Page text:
Might I point out that the information from the OneTouch UltraSmart includes date/timestamps, glucose, and if you bother to enter them, your insulin (and other drug usage), dietary and exercise information. The only thing, entering the extra information on the OneTouch is a bit annoying, unless you are always using the same insulin dosages at the same time segment of the day. (in that case, it's just the first time through that's the pain)

Wireless doesn't need to be a big battery drain, your phone already uses it! Unfortunately, the only meters I know that do it are the Roche ones, and they use infrared instead of Bluetooth. IR is a lot slower, and more power hungry than Bluetooth, and newer phones are dropping IR for Bluetooth.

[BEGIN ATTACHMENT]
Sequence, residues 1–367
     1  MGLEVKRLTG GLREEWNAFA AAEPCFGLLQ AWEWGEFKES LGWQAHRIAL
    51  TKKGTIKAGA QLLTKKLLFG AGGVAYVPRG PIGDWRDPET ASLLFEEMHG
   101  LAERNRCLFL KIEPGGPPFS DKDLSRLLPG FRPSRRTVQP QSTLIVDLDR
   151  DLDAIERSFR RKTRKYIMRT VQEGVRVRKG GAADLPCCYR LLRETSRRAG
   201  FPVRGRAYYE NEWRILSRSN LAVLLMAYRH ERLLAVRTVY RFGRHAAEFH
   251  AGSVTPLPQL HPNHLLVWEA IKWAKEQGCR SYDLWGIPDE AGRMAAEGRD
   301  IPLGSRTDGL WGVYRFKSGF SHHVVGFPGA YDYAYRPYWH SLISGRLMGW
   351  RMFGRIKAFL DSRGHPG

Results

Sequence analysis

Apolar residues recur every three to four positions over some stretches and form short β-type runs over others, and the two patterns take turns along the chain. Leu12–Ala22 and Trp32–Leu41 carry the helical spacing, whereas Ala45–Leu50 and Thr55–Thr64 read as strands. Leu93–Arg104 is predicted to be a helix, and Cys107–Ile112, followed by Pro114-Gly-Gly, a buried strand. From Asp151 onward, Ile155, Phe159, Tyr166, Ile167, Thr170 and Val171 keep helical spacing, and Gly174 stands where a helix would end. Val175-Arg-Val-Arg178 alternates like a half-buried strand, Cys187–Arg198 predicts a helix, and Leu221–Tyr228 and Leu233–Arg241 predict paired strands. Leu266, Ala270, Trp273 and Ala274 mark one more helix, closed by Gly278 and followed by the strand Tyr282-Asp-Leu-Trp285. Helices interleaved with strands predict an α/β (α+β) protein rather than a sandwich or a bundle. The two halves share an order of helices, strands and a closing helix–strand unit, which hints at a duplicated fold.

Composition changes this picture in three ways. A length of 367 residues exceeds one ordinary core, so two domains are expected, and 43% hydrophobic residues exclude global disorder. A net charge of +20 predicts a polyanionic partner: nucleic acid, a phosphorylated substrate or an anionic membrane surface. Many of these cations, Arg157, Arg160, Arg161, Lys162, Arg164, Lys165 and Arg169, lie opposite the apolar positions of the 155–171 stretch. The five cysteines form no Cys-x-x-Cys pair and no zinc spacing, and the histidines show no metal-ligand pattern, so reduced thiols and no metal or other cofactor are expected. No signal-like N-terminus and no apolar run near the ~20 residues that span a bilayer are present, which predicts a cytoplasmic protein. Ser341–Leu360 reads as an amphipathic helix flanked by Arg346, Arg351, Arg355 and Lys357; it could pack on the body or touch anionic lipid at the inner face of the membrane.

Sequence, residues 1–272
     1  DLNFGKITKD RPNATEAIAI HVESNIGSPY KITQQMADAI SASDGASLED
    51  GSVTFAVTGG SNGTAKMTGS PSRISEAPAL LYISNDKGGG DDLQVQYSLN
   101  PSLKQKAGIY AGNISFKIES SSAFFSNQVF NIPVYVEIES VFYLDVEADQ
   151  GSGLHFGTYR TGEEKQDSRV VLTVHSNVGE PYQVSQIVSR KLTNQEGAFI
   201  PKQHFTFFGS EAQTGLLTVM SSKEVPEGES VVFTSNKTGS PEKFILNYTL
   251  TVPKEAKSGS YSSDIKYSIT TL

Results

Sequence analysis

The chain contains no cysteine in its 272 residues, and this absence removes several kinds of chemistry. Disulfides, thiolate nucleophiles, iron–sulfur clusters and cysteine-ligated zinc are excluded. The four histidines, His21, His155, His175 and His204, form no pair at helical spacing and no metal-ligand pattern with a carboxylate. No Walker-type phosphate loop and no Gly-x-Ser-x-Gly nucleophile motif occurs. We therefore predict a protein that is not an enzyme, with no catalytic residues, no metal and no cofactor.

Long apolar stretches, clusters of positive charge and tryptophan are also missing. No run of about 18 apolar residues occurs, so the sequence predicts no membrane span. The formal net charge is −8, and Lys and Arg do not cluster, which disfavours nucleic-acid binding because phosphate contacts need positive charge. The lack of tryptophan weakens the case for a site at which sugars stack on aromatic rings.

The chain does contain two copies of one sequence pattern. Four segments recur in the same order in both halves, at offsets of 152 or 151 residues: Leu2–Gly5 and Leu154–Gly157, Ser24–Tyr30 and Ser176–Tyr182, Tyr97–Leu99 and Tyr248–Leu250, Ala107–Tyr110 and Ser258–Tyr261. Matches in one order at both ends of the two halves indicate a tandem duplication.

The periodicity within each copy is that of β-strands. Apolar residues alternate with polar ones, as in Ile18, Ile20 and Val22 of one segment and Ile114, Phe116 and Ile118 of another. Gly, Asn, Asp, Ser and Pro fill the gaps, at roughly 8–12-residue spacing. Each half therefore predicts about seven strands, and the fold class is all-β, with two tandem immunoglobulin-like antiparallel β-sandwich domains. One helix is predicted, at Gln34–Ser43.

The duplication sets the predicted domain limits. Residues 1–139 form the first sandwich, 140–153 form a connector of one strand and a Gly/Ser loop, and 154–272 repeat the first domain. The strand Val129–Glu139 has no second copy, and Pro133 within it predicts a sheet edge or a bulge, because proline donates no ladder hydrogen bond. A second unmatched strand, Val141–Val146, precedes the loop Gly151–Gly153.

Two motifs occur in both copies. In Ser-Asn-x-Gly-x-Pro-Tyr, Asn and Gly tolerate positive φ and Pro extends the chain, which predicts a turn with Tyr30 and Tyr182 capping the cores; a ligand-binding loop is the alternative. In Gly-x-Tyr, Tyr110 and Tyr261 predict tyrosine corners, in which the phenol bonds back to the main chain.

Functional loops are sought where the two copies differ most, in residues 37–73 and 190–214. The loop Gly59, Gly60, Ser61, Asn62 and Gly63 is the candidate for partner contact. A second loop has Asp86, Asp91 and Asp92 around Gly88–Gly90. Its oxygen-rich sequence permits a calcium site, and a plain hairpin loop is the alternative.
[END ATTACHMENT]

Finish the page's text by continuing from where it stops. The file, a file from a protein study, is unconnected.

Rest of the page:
I just got a smart phone yesterday and am interested in looking into this. I find the data entry part of it tedious but I think I could perhaps improve things a bit were I to do it. Perhaps the new phone will get me going on it? I can get pretty accurate calories burnt info from this Garmin GPS gizmo I use running so it's not inconceiveable, it's just like 'well, I'll start and miss one and throw the accuracy of my #s off and oh well, fuhgeddaboudit"

It would be nice if the medical industry would realize the utility of their data and agree on a standard format that would allow software people to take analysis to the next level. I guess the other reason I have blown it off is that the software sort of takes you to the edge of the cliff but doesn't say 'decrease your ____ by ___% and report back tomorrow'